The Heirs & The Disinherited

THE HEIRSTo him who is thirsty I will give to drink without cost from the spring of the water of life. He who overcomes will inherit all this, and I will be his God and he will be my son. (Revelation 21:6b-7)

Overcomers – The heirs of new earth are the overcomers of the old earth. This includes all those addressed at the end of each of the seven letters to the churches (Revelation Chapters 2 and 3) as well as the martyrs who overcome through the blood of the Lamb (Revelation 12:11).(1) As John pointed out in his first epistle, all true believers are overcomers (1 John 5:4–5). So, this promise is not just for the spiritually elite. Because we are the children of God, we shall inherit all things.(2)

Water of Life – People living in most developed countries do not think much about water. But it was a major concern in John’s day. No doubt John himself, working in the Roman mines, knew the meaning of thirst. Tortured saints throughout the ages would certainly identify with this wonderful promise from the Lord – free and abundant living water for all.(3) As is quite evident, this refers not to physical thirst but to a desire for spiritual blessings,(4) a thirst that will be quenched.

He Will Be My Son – This is the only place in John’s writings where son is used to refer to the relationship of man to God.(5) This expresses the intimate relationship between the saints and God in the eternal state.(6) An intimacy not known since the fall.

THE DISINHERITED“But the cowardly, the unbelieving, the vile, the murderers, the sexually immoral, those who practice magic arts, the idolaters and all liars—their place will be in the fiery lake of burning sulfur. This is the second death.” (Revelation 21:8)

The Overcome –In contrast to those who were overcomers (heirs of the Kingdom), Revelation 21:8 describes the people who were overcome by sin and would not trust the Lord (the disinherited). The worldly consider Christians to be losers, when in reality it is the unbelievers who are the losers.(7)

How They Are Described – Eight epithets (not an exhaustive list) are used to describe the doomed and the damned: the fearful (cowardly); the unbelieving (faithless, untrustworthy); the vile (abominable, polluted); murderers; fornicators; sorcerers (those who practice magic arts, closely connected with idolatry and magic) and; idolaters.(8) This passage is not affirming salvation by works. Rather it refers to works as an indication of whether one is saved or not. Naturally there will be many in Heaven who were once guilty of these sins (as Paul said, as some of you were) before they were converted, but who turned from them when they trusted Christ as their Savior. Though works are the evidence of salvation (good works) or lack of it (evil works), they are not the basis or ground of it. Similar lists of sins are found elsewhere in Revelation (Revelation 21:27; 22:15).(9)

The fearful are the cowardly, people who did not have the courage to stand up for Christ (see Matthew 10:32–33). The word abominable means polluted, and refers to those who indulged in sin and were thus polluted in mind, spirit, and body (2 Corinthians 7:1). The other characteristics mentioned in Revelation 21:8 need no special explanation, except to note that all of them would be true of the beast’s followers (note Revelation 17:4, 6; 18:3, 9; 19:2).(10) Note also that God puts cowards at the head of the list. When people are afraid to take a stand for Christ, they are liable to commit any kind of sin as a result. They are the fearful, or the cowards who would not confess Christ, preferring and choosing to go along with the crowd who practiced sin.(11)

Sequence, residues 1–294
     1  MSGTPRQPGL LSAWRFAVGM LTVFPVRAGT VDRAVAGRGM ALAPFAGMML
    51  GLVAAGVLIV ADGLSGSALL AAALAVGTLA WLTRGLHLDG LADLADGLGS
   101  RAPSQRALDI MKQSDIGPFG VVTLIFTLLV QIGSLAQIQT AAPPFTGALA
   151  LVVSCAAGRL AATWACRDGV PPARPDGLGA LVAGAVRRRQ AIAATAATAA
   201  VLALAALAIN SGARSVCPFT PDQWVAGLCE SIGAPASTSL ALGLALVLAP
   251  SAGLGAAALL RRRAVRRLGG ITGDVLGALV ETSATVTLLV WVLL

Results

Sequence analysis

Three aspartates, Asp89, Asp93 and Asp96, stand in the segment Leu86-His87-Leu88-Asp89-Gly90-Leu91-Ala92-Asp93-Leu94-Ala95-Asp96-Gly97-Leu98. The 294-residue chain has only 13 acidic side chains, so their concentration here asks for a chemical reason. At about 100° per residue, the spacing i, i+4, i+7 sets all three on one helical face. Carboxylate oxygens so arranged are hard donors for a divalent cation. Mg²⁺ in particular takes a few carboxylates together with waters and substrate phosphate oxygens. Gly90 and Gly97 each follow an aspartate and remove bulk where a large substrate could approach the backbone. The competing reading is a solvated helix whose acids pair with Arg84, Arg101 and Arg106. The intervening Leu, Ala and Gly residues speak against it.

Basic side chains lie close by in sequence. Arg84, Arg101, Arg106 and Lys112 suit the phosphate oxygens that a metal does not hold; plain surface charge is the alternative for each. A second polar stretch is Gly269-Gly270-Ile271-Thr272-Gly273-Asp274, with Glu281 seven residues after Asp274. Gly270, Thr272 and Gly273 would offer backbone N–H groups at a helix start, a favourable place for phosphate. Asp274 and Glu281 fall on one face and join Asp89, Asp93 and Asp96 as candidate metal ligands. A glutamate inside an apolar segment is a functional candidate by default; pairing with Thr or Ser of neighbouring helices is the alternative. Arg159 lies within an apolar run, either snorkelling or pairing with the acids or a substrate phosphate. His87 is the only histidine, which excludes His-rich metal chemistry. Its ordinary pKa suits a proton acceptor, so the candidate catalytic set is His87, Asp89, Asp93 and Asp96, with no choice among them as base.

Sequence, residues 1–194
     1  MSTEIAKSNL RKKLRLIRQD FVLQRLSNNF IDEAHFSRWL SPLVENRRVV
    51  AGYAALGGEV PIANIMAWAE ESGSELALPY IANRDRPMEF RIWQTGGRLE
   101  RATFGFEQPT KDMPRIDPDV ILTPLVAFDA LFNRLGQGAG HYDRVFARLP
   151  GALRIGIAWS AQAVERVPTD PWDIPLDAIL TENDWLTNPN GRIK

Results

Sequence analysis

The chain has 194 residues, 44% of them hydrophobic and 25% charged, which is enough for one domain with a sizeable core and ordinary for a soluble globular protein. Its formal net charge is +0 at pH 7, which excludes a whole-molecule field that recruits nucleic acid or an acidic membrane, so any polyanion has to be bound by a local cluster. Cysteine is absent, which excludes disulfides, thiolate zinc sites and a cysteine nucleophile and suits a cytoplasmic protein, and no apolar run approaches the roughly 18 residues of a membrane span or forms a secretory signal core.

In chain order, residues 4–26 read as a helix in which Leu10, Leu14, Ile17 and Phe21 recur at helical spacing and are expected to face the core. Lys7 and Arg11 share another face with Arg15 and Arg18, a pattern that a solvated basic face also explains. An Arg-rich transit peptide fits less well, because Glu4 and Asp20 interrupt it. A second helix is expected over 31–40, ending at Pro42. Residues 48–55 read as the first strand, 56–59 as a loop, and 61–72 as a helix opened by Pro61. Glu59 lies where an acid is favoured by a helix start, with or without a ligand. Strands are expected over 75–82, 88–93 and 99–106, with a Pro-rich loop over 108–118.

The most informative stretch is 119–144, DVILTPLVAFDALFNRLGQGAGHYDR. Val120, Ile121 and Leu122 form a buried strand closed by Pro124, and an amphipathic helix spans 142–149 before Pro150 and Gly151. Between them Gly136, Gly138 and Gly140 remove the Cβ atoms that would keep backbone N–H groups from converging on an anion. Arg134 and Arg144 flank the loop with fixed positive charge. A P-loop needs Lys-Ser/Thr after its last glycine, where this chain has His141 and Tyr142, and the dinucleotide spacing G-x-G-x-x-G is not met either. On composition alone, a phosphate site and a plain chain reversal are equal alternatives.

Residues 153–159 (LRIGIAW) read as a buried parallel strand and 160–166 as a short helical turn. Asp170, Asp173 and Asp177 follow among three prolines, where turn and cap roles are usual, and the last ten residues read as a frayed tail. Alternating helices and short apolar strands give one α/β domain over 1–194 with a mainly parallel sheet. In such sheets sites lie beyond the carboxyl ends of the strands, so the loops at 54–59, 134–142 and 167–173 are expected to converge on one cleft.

Eternal Thirst – They will be with Satan and the two beasts (the anti-Christ and the false prophet) in the lake of fire and brimstone for all eternity. This is the second death (Revelation 2:11; 20:6, 14). These are those whose names are not written in the book of life (Revelation 20:15).

Up Next – The Holy City.

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References

  1. Cabal, T., Brand, C. O., Clendenen, E. R., Copan, P., Moreland, J. P., & Powell, D. (2007). The Apologetics Study Bible: Real Questions, Straight Answers, Stronger Faith (pp. 1914–1916). Nashville, TN: Holman Bible Publishers.
  2. Wiersbe, W. W. (1996). The Bible exposition commentary (Vol. 2, p. 622). Wheaton, IL: Victor Books.
  3. Wiersbe, W. W. (1996). The Bible exposition commentary (Vol. 2, p. 622). Wheaton, IL: Victor Books.
  4. Walvoord, J. F. (1985). Revelation. In J. F. Walvoord & R. B. Zuck (Eds.), The Bible Knowledge Commentary: An Exposition of the Scriptures (Vol. 2, p. 985). Wheaton, IL: Victor Books.
  5. Vincent, M. R. (1887). Word studies in the New Testament (Vol. 2, p. 564). New York: Charles Scribner’s Sons.
  6. Walvoord, John F. (1985). Revelation. In J. F. Walvoord & R. B. Zuck (Eds.), The Bible Knowledge Commentary: An Exposition of the Scriptures (Vol. 2, p. 985). Wheaton, IL: Victor Books.
  7. Wiersbe, W. W. (1996). The Bible exposition commentary (Vol. 2, p. 622). Wheaton, IL: Victor Books.
  8. Robertson, A. T. (1933). Word Pictures in the New Testament (Re 21:8). Nashville, TN: Broadman Press.
  9. Walvoord, John F. (1985). Revelation. In J. F. Walvoord & R. B. Zuck (Eds.), The Bible Knowledge Commentary: An Exposition of the Scriptures (Vol. 2, p. 985). Wheaton, IL: Victor Books.
  10. Wiersbe, W. W. (1996). The Bible exposition commentary (Vol. 2, p. 622). Wheaton, IL: Victor Books.
  11. Wiersbe, W. W. (1992). Wiersbe’s expository outlines on the New Testament (p. 856). Wheaton, IL: Victor Books.

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